Industrial Livestock and the Ecological Hoofprint

Inequality, Degradation and Violence

Authored by: Tony Weis

Routledge International Handbook of Rural Studies

Print publication date:  May  2016
Online publication date:  May  2016

Print ISBN: 9781138804371
eBook ISBN: 9781315753041
Adobe ISBN: 9781317619864

10.4324/9781315753041.ch17

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Abstract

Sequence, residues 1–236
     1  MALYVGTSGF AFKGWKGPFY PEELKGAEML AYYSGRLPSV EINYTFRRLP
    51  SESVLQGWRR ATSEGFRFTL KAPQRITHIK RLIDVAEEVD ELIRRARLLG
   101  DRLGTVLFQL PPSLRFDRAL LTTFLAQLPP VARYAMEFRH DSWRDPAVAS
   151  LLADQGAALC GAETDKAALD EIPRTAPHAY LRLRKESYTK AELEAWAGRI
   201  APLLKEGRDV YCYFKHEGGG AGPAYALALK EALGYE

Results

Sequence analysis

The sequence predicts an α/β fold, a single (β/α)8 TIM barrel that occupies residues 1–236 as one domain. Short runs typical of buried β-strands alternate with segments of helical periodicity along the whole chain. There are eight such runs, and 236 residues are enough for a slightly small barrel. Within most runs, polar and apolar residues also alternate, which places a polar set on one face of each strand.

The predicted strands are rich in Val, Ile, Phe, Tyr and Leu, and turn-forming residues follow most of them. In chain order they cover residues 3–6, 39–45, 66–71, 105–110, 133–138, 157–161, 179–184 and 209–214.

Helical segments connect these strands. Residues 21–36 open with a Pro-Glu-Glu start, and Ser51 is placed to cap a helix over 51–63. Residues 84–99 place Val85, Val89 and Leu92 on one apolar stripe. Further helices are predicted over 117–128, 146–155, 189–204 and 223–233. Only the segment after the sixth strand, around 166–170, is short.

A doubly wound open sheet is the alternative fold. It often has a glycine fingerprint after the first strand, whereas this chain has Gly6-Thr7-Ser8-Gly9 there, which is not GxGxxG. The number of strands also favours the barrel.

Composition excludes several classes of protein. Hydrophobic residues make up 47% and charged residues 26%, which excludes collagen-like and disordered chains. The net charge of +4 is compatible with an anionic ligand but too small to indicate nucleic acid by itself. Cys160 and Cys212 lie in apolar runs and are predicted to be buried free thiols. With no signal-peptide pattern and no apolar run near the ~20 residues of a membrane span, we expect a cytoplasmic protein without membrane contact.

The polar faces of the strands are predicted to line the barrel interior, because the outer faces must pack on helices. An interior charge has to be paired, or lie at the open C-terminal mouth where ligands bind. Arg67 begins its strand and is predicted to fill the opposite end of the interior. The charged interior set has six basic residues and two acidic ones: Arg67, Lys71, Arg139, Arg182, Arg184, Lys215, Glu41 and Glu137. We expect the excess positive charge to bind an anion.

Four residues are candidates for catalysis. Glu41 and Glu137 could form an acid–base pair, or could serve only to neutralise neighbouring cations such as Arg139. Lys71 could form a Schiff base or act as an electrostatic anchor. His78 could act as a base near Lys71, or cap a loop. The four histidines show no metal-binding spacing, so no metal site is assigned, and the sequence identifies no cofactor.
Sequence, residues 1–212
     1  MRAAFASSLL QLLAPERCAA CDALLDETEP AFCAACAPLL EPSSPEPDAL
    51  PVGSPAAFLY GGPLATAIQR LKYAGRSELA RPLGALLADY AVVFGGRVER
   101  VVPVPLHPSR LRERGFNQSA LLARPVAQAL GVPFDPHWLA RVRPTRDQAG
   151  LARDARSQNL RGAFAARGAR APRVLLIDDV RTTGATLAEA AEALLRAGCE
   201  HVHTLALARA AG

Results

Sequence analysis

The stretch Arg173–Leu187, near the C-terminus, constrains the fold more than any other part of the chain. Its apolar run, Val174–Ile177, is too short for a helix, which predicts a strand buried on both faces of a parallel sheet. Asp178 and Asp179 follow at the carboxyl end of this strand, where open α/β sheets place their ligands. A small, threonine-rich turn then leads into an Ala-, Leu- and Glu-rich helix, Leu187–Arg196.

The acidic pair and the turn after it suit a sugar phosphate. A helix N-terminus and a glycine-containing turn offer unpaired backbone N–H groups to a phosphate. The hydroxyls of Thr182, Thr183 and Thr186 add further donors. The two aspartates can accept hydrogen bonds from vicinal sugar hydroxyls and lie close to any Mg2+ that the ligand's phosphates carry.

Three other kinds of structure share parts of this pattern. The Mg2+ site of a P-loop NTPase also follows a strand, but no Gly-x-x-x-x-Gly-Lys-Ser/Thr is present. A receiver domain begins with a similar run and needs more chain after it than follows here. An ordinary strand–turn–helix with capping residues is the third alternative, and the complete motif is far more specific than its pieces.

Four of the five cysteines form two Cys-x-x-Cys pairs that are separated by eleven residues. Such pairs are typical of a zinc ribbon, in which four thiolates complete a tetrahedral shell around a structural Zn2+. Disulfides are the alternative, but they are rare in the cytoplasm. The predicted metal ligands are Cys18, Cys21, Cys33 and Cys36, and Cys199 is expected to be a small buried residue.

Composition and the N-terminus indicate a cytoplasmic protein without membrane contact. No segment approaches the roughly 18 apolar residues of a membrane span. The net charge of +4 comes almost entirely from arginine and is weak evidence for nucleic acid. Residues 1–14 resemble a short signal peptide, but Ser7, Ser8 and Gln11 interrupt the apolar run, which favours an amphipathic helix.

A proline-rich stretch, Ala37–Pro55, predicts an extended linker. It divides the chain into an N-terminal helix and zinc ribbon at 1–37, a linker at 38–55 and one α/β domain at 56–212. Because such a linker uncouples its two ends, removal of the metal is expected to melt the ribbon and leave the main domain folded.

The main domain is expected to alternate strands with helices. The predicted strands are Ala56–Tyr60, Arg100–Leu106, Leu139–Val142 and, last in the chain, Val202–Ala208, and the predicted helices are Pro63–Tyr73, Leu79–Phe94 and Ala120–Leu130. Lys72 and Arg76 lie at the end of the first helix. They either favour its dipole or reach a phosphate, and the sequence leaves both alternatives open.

The interconnected practices of growing, preparing and eating food have always been central to human social relations and to the diversity of cultures. Agriculture is also humanity’s most fundamental ecological relationship, involving the organisation of photosynthetic activity and the management (and usually reduction) of plant and animal diversity over a given landscape. For roughly 10,000 years, agriculture and permanent pasture have been the biggest human land uses, displacing self-organizing ecosystems and, with this, reducing the habitats of non-domesticated animals while increasing the direct control exerted over the lives of domesticated animals. In short, agriculture comprises an inextricably interwoven set of social, ecological and inter-species relations (Duncan, 1996; Friedmann, 2000).

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